Aquaculture America 2023

February 23 - 26, 2023

New Orleans, Louisiana USA


Akintunde Daniel Boluwatife

Federal University of Agriculture Abeokuta.

P.M.B 2240, Alabata Road, Abeokuta, Ogun State, Nigeria


t is well established that the world population is increasing as is the demand for aquatic food products. Over the years, diseases and epizootics have caused significant production losses to the fast-growing aquaculture sector and to the natural aquatic populations in the wild. As a result, disease control and health management have been considered as key contributors to aquaculture sustainability. 

Successful fish health management begins with prevention of disease rather than treatment. Prevention of fish disease is accomplished through good water quality management, nutrition and sanitation. Without this foundation it is impossible to prevent outbreaks of opportunistic diseases. The fish is constantly bathed in potential pathogens, including bacteria, fungi, and parasites. Sub-optimal water quality, poor nutrition or immune system suppression generally associated with stressful conditions allows these potential pathogens to cause disease.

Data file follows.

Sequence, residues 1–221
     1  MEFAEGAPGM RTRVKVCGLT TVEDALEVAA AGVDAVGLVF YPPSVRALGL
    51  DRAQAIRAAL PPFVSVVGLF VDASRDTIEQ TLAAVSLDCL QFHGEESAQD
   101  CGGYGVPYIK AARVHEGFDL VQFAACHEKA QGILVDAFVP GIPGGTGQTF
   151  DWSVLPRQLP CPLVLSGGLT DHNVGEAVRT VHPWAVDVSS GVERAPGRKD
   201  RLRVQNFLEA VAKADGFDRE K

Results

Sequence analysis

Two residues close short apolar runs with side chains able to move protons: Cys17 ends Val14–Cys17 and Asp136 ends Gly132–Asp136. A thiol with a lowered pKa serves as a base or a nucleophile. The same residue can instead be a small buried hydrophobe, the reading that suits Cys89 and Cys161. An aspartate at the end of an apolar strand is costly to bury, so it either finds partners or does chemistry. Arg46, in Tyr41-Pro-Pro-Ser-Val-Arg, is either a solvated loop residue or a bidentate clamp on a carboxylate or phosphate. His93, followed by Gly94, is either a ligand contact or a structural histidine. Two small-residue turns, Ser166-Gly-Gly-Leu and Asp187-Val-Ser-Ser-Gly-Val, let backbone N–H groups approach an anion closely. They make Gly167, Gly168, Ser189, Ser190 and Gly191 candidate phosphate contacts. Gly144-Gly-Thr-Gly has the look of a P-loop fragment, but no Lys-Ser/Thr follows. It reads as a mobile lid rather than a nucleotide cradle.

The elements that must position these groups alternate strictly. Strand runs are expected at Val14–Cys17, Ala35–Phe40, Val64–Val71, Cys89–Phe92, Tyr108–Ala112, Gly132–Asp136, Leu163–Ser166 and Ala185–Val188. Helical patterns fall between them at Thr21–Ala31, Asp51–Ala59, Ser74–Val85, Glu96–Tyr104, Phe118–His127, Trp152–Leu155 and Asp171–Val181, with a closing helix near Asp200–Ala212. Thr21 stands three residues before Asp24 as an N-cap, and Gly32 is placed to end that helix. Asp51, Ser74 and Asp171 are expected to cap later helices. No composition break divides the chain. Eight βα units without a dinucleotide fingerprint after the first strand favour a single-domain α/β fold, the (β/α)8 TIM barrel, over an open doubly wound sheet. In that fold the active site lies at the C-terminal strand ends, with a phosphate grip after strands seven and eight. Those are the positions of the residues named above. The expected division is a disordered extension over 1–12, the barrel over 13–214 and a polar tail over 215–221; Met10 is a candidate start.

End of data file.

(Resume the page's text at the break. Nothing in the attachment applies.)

Daily observation of fish behaviour and feeding activity allows early detection of problems when they do occur so that a diagnosis can be made before the majority of the population becomes sick. If treatment is indicated, it will be most successful if it is implemented early in the course of the disease while the fish are still in good shape.